Friday, March 10, 2006

My dogs are barkin'!

(No, it’s not another dog story. But trust me, I’ll get around to a dog tale before long!)

Gosh! I didn’t know pedals could be such a sore point!

Fritz wrote:

You unclip your left foot at stops? That's weird. No matter you're so twisted.

…I think it was about two years ago when the threads somehow stripped on my non-drive-side crankarm and the pedal plonked clean out while I was riding. I pedaled one-legged back home, but I was only about a mile from home when that happened so it wasn't bad.


Yes, it’s true. I unclip my left foot. It just feels weird to unclip the other one. Dunno why. I’ve always done it that way. Another habit I have is to mount the bike from the left – always. Maybe that’s why I unclip on the left too. Honestly, it felt very strange to stand astride the bike with my right foot on the ground. Maybe I should work on becoming ambipedalous?

I’ve had a pedal work loose too. It happened on my Giant last summer, ruining a Shimano 105 crankarm. By the time I noticed, about half the threads were gone. Fortunately, Tom had an older Shimano 600 crankset that was lightly used. It’s even shiny where the 105 was powder coated.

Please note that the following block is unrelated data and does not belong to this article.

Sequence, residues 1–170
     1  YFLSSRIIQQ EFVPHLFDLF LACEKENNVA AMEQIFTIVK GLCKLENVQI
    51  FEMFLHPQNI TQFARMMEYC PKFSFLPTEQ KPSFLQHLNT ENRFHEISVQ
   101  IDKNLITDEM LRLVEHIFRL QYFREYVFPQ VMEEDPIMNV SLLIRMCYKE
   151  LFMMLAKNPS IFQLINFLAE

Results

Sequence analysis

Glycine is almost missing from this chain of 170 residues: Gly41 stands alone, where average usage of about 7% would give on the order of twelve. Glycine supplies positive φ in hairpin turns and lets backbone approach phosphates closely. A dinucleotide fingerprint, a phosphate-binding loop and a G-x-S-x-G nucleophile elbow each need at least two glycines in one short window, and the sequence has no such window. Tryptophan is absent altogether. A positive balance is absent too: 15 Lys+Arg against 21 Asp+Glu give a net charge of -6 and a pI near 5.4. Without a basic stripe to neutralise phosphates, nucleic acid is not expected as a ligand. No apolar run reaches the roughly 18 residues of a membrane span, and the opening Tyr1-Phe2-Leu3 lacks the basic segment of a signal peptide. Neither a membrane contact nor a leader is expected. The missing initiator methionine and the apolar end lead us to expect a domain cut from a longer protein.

I’ve been a roadie since roughly 1972, and this is the only time I’ve had a cleat come loose. Sure, I cracked a few of the old nailed-on cleats, but I never had one fail in use. For that matter, the loose pedal on the Giant was a first too. Regardless, I hope not to repeat the experiences.


Okiedoke wrote:

Ah, the advantages of old-fashioned toe clips.

I used clips and straps for a very long time, but once I switched to clipless, there was a huge difference in comfort. I wear size 13E shoes. The width makes straps painfully uncomfortable after a couple of hours. They rub directly on my little toe. In the old days I had no other choice, but I really value my comfort now. Why suffer?

It’s hard to find shoes – any shoes – that fit properly and it’s worse when looking for cycling shoes. My little toes curl under. I thought it was due to wearing too-narrow shoes when I was young, but it turns out to be a genetic trait. The toes wear holes in the sides of my shoes. This is no big deal with my ancient Converse All-Stars. The holes just give them more character. But some shoes cause corns to develop, and when that happens, toe straps are painful.